You can also read our full guide on How To Improve Your Credit Score.
3. Build up your supply
One of the most common financial goals after paying off debt is saving money. Whether you’re building an emergency fund, saving for retirement, or saving for a goal like a home, building your cash supply is key.
Side note: It doesn’t have to pay off debts OR save. You can try to do both at the same time. In fact, you probably should!
Saving account: You would like to open or use your savings account. The account is a way to save money. For example, you can use the account to set up an emergency fund. You can choose to have a debit card or limit access to it by not having one. Open an Account Here: The Best High Yield Savings Accounts.
IRA: An IRA (or Individual Retirement Account) is a great tool to save for retirement. There are some IRA income and contribution limits, but if you qualify, take advantage of the benefits! Check out the best places to open an IRA here.
401k: If your employer offers a 401k, be sure to use it! In fact, many employers offer «equal contributions» – that’s FREE money your employer gives you for retirement. By not using it, you are essentially accepting a cut in salary.
4. Pay yourself first
You may think that this year isn’t the way to get out of debt (or hit any other money goal), but it does. It is easier to get into debt when you are constantly spending money. But this is a big change in the way you think about how you distribute your money.
For example, say you want to go to the movies or go out to eat with friends. You don’t have the money, so you put one of your credit cards on it. If you pay yourself first, you can have money to do the things you want to do. More importantly, you don’t run into any new debt. Go ahead and pay yourself.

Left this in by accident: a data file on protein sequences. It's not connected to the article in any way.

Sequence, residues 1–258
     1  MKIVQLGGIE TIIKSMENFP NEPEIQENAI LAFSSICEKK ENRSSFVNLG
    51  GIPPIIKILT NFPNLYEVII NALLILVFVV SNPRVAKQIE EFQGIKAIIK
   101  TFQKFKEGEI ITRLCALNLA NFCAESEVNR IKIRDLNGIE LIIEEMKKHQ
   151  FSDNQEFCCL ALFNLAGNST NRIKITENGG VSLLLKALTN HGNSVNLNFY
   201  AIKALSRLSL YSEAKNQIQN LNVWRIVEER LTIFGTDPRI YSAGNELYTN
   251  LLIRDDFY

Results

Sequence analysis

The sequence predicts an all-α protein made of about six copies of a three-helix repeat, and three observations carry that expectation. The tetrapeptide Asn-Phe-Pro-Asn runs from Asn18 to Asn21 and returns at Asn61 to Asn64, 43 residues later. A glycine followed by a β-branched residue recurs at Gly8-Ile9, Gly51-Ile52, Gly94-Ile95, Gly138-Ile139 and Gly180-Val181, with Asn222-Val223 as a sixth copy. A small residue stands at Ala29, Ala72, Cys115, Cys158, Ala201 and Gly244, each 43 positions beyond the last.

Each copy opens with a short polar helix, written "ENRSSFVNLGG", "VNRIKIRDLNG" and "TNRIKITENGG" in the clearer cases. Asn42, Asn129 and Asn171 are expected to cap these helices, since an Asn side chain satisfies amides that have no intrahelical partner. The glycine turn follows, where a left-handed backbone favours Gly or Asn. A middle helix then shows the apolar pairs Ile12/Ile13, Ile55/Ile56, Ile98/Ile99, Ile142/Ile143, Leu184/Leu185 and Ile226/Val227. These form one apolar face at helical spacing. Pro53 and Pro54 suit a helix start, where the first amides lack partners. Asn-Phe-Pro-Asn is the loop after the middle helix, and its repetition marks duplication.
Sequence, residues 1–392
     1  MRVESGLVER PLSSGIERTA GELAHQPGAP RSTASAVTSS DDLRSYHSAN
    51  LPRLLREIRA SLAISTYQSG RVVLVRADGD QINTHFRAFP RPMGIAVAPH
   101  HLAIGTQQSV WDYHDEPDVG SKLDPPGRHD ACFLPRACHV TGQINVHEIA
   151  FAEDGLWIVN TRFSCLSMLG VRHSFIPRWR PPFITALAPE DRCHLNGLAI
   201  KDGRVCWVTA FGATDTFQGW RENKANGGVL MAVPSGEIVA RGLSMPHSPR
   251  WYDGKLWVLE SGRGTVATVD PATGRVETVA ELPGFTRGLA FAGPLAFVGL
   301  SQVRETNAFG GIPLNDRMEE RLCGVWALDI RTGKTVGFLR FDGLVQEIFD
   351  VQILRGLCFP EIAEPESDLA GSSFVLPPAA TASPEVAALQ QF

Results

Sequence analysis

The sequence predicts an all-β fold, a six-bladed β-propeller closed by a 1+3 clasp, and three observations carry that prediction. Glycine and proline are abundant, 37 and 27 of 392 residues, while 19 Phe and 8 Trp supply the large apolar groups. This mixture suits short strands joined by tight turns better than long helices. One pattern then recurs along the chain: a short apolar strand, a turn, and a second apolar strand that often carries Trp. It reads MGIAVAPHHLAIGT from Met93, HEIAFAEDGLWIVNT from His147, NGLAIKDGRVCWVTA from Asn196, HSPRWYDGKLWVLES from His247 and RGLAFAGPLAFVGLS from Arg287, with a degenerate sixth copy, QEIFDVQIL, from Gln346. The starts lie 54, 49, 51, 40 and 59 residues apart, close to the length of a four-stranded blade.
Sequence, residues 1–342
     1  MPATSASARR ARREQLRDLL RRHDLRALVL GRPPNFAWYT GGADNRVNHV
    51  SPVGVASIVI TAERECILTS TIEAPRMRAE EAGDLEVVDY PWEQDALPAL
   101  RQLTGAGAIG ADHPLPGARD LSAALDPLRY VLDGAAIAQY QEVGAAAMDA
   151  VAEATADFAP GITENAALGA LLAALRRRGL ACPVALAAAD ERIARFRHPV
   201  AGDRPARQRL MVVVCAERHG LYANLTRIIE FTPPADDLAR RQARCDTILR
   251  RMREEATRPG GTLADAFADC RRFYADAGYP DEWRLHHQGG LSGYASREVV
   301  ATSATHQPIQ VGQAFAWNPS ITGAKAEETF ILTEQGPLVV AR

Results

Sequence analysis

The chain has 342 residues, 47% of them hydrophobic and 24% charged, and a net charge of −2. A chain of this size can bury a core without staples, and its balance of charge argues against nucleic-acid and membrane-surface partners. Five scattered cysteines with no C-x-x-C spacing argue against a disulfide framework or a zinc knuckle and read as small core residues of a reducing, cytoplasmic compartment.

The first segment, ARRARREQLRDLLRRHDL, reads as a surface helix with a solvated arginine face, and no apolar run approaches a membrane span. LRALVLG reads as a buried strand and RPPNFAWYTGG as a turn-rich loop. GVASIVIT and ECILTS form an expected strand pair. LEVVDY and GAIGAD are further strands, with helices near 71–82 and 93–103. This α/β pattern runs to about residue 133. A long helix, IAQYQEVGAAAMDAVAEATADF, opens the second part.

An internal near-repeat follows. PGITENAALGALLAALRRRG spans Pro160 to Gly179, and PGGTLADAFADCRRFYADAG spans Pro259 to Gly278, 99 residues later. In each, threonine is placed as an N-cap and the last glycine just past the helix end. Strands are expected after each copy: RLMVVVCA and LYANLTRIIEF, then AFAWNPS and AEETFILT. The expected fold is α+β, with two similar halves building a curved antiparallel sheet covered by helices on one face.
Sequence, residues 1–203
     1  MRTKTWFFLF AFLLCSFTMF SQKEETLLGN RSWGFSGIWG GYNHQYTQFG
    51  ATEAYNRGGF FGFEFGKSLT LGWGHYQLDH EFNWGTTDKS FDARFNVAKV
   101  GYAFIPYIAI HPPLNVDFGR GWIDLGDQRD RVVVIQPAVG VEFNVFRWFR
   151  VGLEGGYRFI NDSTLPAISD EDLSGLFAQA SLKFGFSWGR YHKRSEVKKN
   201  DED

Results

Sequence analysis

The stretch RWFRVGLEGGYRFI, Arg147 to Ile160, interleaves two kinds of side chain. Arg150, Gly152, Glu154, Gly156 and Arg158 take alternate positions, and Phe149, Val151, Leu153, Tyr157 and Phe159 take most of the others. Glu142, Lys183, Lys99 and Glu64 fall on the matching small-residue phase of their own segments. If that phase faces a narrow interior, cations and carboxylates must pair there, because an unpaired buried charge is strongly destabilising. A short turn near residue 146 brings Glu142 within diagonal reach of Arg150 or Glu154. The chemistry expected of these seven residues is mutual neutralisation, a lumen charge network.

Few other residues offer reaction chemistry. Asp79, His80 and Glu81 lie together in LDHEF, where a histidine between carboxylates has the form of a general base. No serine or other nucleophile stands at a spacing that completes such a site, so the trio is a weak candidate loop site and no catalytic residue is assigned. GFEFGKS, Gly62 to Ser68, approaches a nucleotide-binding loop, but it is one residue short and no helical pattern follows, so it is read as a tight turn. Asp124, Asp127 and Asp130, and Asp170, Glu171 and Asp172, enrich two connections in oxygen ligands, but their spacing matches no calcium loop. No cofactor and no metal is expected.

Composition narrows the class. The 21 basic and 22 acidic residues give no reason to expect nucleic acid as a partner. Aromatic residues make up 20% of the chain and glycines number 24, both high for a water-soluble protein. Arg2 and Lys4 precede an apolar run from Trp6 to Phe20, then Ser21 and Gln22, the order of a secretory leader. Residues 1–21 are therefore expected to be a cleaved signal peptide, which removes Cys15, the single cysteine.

After all, you are the one who works hard to make your dreams come true. The easiest way to pay is with a separate savings account. If you have a direct deposit, you can have a small amount transferred to this account.
5. Live with your means (and values)
We all want things we can’t have. For example, you might want this 65-inch flat screen TV. However, you cannot afford it. The debt free thing is to save up for it or not to buy it. Living within your means requires big changes – and spending your money around your values.
At a basic level, you can:
- Stop using savings or credit cards for things you really can’t afford.
- Create a monthly budget based on your income.
- Track your expenses.
- Pay bills on time.
But when it comes to compromising, you need to get back to your values and see what is really important to you. You may feel like you need that 65 inch TV, but what if watching TV isn’t something you especially do or enjoy? Perhaps that money shouldn’t be spent, or maybe it needs to be used on something else that you really value.
Bonus tip: look for free cash
As a bonus reminder, I always want to encourage everyone to find the free money in their life. You will be surprised how much free money you might be entitled to. I recently found $ 100 that Wells Fargo owed me on an old account they closed (and never contacted me).
Plus there are plenty of offers and bonus incentives for things you are already doing! Perhaps you wanted to open this current or savings account this year? Did you know that banks only offer you bonus offers as a customer? If you wanted to sign up anyway, you get paid for it!
In the meantime, read this guide to find free money.